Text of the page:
If we as a society and legal system are going to maintain distinctions between accidental unlawful killings of various types and intentional unlawful killings of various types we have to, have to, retain the ability to go "No... your 'accident' is not reasonable" or as I've said many times we've essentially watered the concept down to asking people "Hey do you want to be a murderer or not?" and being forced to accept their answer.

There is a logical, moral, and there should be a legal limit to how "wrong" you can be about the situation and still use it as an excuse.
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Old 28th September 2019, 05:33 PM   #207
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Originally Posted by JoeMorgue View Post
Look at it this way.

Would the events being discussed functionally different from if Guyger had been sitting in her apartment (her actual apartment, not the alternative fan fiction universe where her apartment magically appears wherever she images it to be, willed into existence by her very thoughts that the defense and her apologist want this trial and argument to take place in), had been cleaning her service pistol after hours, had it accidentally go off, the bullet travel through the ceiling above her, into Jean's apartment, and kill him?

Yes, we can all agree that would be different.
It's also an interesting hypothesis. (I know you didn't mean it that way.) But I suppose that bullet hole was in the wall, not the ceiling.
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Old 28th September 2019, 07:53 PM   #208
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Originally Posted by acbytesla View Post
Really? You can definitely be sent to prison in the State of Washington for CNH.
In Texas the max is two years in jail, as distinct from prison.
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Old 28th September 2019, 08:05 PM   #209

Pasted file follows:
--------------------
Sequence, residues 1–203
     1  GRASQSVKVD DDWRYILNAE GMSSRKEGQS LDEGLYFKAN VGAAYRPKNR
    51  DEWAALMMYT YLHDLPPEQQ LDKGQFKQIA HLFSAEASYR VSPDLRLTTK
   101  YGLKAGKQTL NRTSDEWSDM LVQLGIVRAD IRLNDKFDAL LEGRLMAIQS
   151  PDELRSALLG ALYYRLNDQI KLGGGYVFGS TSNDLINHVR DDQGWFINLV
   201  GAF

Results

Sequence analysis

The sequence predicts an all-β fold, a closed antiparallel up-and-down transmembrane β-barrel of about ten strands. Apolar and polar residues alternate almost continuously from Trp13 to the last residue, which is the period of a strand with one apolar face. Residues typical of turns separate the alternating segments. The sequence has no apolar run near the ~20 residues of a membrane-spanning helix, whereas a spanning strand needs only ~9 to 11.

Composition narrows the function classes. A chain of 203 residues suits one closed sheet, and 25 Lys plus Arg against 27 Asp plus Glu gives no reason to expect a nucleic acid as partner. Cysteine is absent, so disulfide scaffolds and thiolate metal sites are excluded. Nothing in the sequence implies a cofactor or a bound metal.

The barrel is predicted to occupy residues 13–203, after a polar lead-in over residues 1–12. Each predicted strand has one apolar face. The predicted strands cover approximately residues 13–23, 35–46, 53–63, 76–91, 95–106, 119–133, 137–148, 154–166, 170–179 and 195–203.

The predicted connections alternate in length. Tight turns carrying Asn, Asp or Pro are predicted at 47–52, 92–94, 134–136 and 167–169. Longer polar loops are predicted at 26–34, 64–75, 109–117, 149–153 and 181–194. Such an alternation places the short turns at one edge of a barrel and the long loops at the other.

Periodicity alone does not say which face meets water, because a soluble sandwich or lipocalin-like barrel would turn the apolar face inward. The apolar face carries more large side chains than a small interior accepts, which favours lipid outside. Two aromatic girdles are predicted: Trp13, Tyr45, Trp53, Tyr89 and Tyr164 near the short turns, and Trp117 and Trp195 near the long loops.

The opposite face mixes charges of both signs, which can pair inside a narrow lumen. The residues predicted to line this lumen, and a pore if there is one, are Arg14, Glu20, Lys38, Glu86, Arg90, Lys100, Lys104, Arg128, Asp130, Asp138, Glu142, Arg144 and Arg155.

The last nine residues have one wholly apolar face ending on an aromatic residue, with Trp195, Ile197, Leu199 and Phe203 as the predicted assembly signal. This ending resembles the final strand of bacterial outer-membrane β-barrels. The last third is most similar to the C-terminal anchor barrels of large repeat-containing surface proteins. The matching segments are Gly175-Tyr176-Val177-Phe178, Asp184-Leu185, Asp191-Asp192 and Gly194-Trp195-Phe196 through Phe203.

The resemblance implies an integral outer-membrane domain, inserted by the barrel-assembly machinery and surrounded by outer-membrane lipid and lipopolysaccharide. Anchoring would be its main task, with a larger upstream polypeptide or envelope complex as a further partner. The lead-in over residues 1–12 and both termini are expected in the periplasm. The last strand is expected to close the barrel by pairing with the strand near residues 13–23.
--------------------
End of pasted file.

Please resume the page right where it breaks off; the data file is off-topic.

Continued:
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Originally Posted by acbytesla View Post
Well then, it's obviously not 1st degree murder. Unless your seeing some premeditation that I am not. Is there a 2nd or 3rd degree statutes?
....

Premeditation does not require any specific period of time. It's not like she had to get up that morning and say, "Today after work I'm going to kill my neighbor." It can be a matter of seconds between forming a thought and acting on it. She chose to enter the apartment, she chose to draw her gun, and she chose to fire her weapon at an unidentified "silhouette." Each of those -- and other things she did -- is a separate, distinct act, and at each point she could have made a different decision.

Quote:
"The process of premeditation and deliberation does not require any extended period of time. The true test is not the duration of time as much as it is the extent of the reflection. Thoughts may follow each other with great rapidity and cold, calculated judgment may be arrived at quickly."

"This purpose to kill may be formed a moment before the act but must exist for a sufficient length of time to permit reflection as to the nature of the act to be committed and the probable result of that act."
http://www.duhaime.org/LegalDictiona...editation.aspx

Texas apparently doesn't have second degree murder or an equivalent, which might be a more appropriate charge. But this was no accident.